The terms XML and XBRL are starting to crop up with increasing
regularity. Microsoft based the new file formats for the Office 2007
applications on XML and all sorts of applications are starting to use XML to
provide access to data and make it easier to share. The Carter Report set out
deadlines for HMRC to require certain types of information to be filed
electronically and XBRL is the chosen mechanism.
Let's get the definitions out of the way first – XML stands
for eXtensible Markup Language and is an evolution of the language in which web
pages are written – HTML. XBRL stands for eXtensible Business Reporting
Language and is an application of XML to a particular task, the reporting of
Fortunately, the first Austin Powers film (International Man
of Mystery) included a simple introduction to the concept of XML. In one scene
Liz Hurley’s character revealed the contents of her suitcase. The most exciting
thing about this (from the IT viewpoint) was that, not only were all the
individual items of clothing in their own plastic bags, but each bag was
labelled. This is the essence of XML. Each item of data is individually wrapped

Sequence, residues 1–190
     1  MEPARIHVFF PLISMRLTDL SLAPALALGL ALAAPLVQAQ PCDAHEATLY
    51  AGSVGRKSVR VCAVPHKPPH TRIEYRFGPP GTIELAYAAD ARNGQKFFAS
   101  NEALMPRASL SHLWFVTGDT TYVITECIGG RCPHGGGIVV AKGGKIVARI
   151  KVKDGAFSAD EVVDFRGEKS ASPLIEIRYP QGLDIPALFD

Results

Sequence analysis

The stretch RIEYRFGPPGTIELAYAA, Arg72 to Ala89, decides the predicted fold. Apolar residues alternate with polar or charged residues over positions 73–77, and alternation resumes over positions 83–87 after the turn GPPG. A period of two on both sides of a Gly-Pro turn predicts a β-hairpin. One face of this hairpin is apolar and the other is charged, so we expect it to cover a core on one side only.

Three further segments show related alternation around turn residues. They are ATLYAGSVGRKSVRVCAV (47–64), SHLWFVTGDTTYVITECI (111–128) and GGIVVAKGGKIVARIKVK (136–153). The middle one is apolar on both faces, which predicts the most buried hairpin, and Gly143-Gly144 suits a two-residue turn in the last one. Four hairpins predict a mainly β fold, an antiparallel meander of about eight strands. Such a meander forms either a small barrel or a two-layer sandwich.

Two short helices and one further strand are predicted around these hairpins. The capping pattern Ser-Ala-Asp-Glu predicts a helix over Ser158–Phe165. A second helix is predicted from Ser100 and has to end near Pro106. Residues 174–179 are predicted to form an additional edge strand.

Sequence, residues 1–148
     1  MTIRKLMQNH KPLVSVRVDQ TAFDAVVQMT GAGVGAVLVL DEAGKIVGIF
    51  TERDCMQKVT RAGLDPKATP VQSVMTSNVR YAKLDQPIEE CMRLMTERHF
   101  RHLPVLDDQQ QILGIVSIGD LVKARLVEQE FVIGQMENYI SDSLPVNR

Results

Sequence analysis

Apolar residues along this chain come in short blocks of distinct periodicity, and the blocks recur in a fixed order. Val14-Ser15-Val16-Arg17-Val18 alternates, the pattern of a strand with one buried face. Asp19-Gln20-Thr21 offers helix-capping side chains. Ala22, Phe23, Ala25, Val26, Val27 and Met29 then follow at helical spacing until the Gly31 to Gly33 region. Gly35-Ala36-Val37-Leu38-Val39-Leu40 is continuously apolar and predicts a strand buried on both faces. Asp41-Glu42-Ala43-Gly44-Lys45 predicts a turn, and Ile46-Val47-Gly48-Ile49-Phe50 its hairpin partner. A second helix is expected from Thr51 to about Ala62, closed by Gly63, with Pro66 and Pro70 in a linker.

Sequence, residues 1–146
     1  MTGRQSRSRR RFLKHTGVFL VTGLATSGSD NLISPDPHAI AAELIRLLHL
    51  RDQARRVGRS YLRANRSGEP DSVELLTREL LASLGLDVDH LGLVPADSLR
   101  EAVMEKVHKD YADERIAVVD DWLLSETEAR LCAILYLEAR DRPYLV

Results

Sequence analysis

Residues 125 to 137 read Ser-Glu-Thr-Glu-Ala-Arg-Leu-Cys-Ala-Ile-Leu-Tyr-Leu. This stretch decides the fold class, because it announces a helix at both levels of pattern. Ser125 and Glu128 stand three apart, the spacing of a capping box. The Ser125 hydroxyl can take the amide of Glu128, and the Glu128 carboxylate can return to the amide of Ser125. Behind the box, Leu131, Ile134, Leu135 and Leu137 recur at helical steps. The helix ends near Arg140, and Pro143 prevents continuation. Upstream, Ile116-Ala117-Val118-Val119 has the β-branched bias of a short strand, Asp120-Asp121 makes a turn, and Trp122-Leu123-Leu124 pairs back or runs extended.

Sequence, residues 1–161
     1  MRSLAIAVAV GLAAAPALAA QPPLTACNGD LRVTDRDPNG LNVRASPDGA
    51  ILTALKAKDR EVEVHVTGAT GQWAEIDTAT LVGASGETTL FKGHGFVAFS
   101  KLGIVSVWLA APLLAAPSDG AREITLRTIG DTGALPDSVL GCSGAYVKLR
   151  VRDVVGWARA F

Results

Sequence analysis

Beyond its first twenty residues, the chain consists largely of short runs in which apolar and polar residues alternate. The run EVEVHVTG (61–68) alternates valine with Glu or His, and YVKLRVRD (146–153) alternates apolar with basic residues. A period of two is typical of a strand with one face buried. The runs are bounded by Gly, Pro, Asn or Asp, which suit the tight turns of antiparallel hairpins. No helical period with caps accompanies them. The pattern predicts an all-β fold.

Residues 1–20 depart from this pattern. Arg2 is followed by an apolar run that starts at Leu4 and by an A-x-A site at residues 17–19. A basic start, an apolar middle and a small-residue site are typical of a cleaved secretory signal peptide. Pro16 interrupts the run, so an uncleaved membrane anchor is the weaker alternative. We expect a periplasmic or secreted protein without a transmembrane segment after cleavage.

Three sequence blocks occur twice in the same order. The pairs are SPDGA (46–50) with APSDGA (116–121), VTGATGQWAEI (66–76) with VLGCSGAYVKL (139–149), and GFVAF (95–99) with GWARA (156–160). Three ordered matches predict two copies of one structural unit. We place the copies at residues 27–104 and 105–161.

and given a label. This means that the information can not only be displayed in
a browser like any HTML file, but can also be read directly by a computer
Of course, almost all accounts programs label data anyway – for
example, the ‘Sales’ account will use a nominal ledger code as a label.
However, what is special about XML is that it will be a standard. This comes
from its HTML background – the whole point of HTML is that an HTML file must be
capable of being converted into a web page by any browser. This means that a
computer program that recognises XML ‘tags’ could potentially find the sales
figure from any accounts package that complied with the XML standard.
This explains why HMRC and Companies House are so interested
in the use of XML. Rather than receive printed documents which have to be
handled, read, and the data re-keyed, an XML-based file could be received
electronically. The data could then be extracted directly and automatically by
the receiving system.
Where the potential amount of data to be submitted is
restricted the process is relatively straightforward and Companies House
already accept the filing of Audit Exempt Abbreviated Accounts and Dormant
Company Accounts in XBRL format. However, filing full accounts is much more
complex and requires not only an extensive 'taxonomy' covering all the likely
data items, but a very sophisticated and complex mechanism to convert the data
into human readable format.
For fuller descriptions of XML and XBRL have a look at
and the ICAEW library XBRL resources page: http://www.icaew.com/librarylinks/index.cfm?AUB=TB2I_26793
For the Companies House WebFiling service: